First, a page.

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Friday, January 25, 2013

Fighting the Fickle

We have had some interesting conversations about the world of Web Series this week, and one thing that comes up in most of our conversations is why we are doing things the way that we are.  Writing a 39 Webisode season and releasing it weekly is an ambitious undertaking. Planning on doing it for several years is nothing short of insane!  

Here, my co-creator of Shotgun Mythos and the all around wizard behind the curtain of the show, Clint Gaige explains the logic of our plan of action, and why consistency is important. 

I talk with a lot of filmmakers and artists and the conversation usually goes something like this.

THEM: I'm thinking of doing a web series or something like that. I hear there is good money in it.

Usually, this is where I fall down on the floor laughing uncontrollably. After a few minutes I regain my composure and get up off the ground wiping tears from my eyes.

ME: Okay, how are you structuring your series and what is your plan for year round content?

THEM: Well, its really a short film or movie that we're going to release in 5 minute pieces.

ME: That's not a Web series, that's a movie that requires your audience to wait for weeks to watch. You're asking your audience to watch 7 days worth of commercials between every segment.  And, what comes next?

THEM: I might write a sequel.

ME: Good luck.

Okay, if this is you, let me explain why this is a mistake. Your audience is barraged with quality content on 200 television stations, YouTube, Xbox, PS3, Movie releases. They don't have time to find you instantly. It takes months to build an audience on word of mouth. By the time your film is over, you will have just started to hit your stride and the content is done. How do you build an audience if there is nothing new to show them? How do you keep their interest if you take a year long hiatus to work on your sequel?

The web audience is fickle. The internet has so much content available ranging from cute kittens to full on productions from Brian Singer. If you want to be successful, you have to be consistent and you have to treat your audience with respect. Because while they are a fickle audience, and will find a new favorite on a dime, they are also the most loyal viewers in the world, if you treat them well. There is still an underground vibe attached to the web series. The audience appreciates finding a nugget of gold. They want to be the first one to say to their friends, "Have you seen such and such?"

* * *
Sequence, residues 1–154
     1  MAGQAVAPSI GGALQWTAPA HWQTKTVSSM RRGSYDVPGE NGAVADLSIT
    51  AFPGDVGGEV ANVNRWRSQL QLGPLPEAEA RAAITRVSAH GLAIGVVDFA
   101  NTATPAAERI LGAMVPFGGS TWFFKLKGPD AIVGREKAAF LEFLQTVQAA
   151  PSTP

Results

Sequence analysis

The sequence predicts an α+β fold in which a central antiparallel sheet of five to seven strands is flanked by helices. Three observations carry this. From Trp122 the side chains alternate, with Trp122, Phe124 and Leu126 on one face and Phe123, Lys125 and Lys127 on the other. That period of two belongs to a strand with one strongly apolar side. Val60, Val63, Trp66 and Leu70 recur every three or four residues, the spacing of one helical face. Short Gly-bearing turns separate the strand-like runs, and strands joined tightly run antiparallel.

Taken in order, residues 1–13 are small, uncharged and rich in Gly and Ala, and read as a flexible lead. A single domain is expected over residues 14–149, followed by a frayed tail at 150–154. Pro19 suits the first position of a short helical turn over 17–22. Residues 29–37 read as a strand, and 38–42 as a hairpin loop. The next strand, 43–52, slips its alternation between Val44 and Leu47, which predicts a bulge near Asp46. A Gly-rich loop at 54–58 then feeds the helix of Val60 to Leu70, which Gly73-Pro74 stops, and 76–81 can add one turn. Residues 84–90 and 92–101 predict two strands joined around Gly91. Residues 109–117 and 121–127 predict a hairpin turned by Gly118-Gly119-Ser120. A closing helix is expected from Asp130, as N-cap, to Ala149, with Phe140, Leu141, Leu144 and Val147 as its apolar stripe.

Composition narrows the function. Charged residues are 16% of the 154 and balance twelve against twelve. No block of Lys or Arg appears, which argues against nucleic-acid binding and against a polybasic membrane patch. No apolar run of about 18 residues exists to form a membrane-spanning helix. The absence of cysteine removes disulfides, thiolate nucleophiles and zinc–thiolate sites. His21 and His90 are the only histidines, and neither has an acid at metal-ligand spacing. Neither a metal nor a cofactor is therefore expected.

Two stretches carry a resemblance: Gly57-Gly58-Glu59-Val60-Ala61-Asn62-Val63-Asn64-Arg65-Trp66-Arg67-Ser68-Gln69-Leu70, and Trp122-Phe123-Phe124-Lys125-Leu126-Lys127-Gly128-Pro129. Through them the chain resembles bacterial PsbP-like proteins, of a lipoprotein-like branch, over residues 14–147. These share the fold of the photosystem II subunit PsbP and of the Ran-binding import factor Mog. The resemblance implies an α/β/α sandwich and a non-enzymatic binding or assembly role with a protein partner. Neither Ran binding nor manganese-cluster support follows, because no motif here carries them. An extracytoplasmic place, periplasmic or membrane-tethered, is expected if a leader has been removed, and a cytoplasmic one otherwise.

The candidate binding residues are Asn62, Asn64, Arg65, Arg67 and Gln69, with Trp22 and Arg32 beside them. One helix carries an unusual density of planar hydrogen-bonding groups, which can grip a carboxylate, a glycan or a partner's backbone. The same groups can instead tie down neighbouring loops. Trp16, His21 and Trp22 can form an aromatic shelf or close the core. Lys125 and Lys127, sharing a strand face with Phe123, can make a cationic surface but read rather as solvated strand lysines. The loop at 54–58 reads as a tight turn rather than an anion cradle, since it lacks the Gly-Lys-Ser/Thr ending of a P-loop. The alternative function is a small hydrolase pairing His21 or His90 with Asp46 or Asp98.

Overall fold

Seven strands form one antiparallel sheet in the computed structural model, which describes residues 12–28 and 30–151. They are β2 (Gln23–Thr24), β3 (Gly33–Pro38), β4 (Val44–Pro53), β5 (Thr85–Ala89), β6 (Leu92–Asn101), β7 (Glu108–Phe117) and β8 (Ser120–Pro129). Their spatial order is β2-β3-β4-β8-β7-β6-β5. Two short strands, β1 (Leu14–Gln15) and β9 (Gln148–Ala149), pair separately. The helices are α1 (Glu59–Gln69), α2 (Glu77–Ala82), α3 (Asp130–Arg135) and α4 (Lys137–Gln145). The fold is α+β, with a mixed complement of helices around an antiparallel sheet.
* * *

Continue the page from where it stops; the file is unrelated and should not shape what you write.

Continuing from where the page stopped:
So, how do you become that nugget of gold? Well, it would be self serving if I were to say, we are that nugget. I believe we are producing a solid series that we are incredibly proud of. But, we give our audience as much as is humanly possible. We write a daily blog allowing the viewers to peek under the hood. We produce a weekly podcast interviewing cast and crew. And, we release our episodes every week at the same time every week. Our plan includes 39 episodes with 52 weeks of content, making sure that our audience will not have to remember us and find us again come Season 2. In fact, we have outlined seven seasons. We are working with an artist to release a graphic novel and we are in talks with a gaming company to produce an old school paper and pencil RPG of our show.

So, when we are promoting our series we ask one simple question. If I was a viewer, would I appreciate this extra? Because the end goal is simple, viewers. Everything we do to promote our series is dedicated to keeping our fans engaged and rewarding them for watching and being a part of the series.

So, if you are making a Web series, find ways to keep your viewers engaged year round. And, if you are thinking of making a Web series, please do so, but do it right, your audience deserves your best.


  1. I always try to spell Web series with a capital "W". I picked up this habit from the New York Times. If you look at the origin of the term it comes from World wide web and hence the capital. A small detail, yet, but one of immense significance in terms of outlook.

  2. http://plus.google.com/101175516092771757092/posts/fYXEU7FEQMb

  3. Tip: if you include a relevant pix in a post it not only increases the traction of a post but it also looks much better when viewed on a mobile device.


    Incidentally, if you save this bookmark to your home page on a mobile device, it will act as a "mobile app" for Web Series Today.

  4. Thank you for the information. We will adjust our posts accordingly.

  5. Cool. As the old saying goes, "a picture is worth 1000 words". The key is to have an image that instantly communicates the central message, and then build on that with text or video.

  6. I did follow your advice and load a pic, but it didn't show up.

    1. You need to make sure you see the code added to the page after you upload the image. If you close the upload box before the code has been added it will not show up.

  7. Oh I've had the same problem..glad to know I'm not alone...thanks modelmotion and Lonelyfish Tachyfin....I will share this with my editor who always uploads the video for me.


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